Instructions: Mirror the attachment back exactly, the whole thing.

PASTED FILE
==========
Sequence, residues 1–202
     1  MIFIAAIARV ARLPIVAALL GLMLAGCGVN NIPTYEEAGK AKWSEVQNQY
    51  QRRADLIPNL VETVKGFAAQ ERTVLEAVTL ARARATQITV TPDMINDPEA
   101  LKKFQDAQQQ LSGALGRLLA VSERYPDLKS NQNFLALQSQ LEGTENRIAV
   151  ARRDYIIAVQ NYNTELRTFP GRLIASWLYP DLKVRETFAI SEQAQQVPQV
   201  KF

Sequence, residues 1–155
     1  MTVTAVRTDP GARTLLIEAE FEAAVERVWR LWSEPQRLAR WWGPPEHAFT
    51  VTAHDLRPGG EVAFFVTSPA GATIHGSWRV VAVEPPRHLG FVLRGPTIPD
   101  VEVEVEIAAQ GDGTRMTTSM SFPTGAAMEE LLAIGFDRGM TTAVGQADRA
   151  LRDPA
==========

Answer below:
Sequence, residues 1–202
     1  MIFIAAIARV ARLPIVAALL GLMLAGCGVN NIPTYEEAGK AKWSEVQNQY
    51  QRRADLIPNL VETVKGFAAQ ERTVLEAVTL ARARATQITV TPDMINDPEA
   101  LKKFQDAQQQ LSGALGRLLA VSERYPDLKS NQNFLALQSQ LEGTENRIAV
   151  ARRDYIIAVQ NYNTELRTFP GRLIASWLYP DLKVRETFAI SEQAQQVPQV
   201  KF

Sequence, residues 1–155
     1  MTVTAVRTDP GARTLLIEAE FEAAVERVWR LWSEPQRLAR WWGPPEHAFT
    51  VTAHDLRPGG EVAFFVTSPA GATIHGSWRV VAVEPPRHLG FVLRGPTIPD
   101  VEVEVEIAAQ GDGTRMTTSM SFPTGAAMEE LLAIGFDRGM TTAVGQADRA
   151  LRDPA